Emma Lazarus, by poet Esther Schor (Nextbook, Schocken, $21.95), joins the three other published volumes in Nextbook’s series dedicated to the project of “the promotion of Jewish literature, culture, and ideas,” coming after earlier books on King David, Barney Ross, and Baruch Spinoza.
The Emma Lazarus whom Esther Schor has painstakingly portrayed here deserves attention, and far beyond the one achievement for which she is known. Most Americans, Jews included, know Lazarus (1849-1887) primarily as the poet who in 1883 wrote “The New Colossus,” the sonnet which emblazons the Statue of Liberty and whose phrases like “Huddled Masses” and “Golden Door” have taken on lives of their own in the American and American- Jewish lexicons. Readers of this book will confront a determined and complicated nineteenth-century American Jew, a woman who despite her limited formal education held her own with philosophers and great literary men. They will find in this Emma Lazarus a politically engaged person who knew, reacted to, and believed she had a stake in the issues of the day. Her advocacy of Zionism and her deep identification with the suffering of Jews in the Czarist Empire made her more than a genteel poet, although she found ample opportunity in her poetry to make the Jews’ case and to make it to a large and mixed audience. Her participation in some of the literary debates of her time and her strong ideas about literature clearly indicated that she was more than a wealthy woman with time to dabble in poetry.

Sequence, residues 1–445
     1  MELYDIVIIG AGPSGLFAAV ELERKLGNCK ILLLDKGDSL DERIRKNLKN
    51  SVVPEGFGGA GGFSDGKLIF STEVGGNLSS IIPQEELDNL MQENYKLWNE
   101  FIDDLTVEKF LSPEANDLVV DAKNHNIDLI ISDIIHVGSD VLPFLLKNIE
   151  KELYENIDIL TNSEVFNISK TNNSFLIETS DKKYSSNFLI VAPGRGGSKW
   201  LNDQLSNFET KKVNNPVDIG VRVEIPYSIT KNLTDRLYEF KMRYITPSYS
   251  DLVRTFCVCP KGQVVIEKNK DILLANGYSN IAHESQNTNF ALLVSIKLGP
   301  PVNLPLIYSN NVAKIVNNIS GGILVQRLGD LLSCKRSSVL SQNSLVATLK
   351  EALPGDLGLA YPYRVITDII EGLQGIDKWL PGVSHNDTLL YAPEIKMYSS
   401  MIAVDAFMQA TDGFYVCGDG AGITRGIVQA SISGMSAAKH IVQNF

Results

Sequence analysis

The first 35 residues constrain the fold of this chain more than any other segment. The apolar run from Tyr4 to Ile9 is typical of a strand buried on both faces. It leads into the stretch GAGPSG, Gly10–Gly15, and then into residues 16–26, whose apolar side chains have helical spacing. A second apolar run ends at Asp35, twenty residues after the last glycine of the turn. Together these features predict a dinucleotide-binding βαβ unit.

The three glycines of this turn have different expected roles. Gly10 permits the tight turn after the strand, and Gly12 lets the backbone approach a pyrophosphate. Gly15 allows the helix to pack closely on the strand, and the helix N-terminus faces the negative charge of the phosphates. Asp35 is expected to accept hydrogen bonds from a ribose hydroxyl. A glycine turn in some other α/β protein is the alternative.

Schor also places the poet in her social milieu and in the web of her relationships, so we get some sense of how that world functioned. Finally, Schor ends the book by suggesting how later generations reinvented this woman and took upon themselves the custodianship of her memory. By invoking her name, charities and philanthropic bodies, leftwing political groups and Zionists all got to claim Emma Lazarus.
Unlike Rebecca Goldstein’s Betraying Spinoza, the volume which preceded Emma Lazarus in the Nextbook series, this one has details that seem to serve no purpose. And immediately striking to readers concerned with gender equity will be an imbalance in this series: only after three men — a biblical king, a boxer, and a philosopher — has Nextbook seen fit to give the reading public a chance to engage with a Jewish woman as a creator of and exemplar of Jewish history and culture.
Hasia Diner is a professor of American Jewish history at NYU.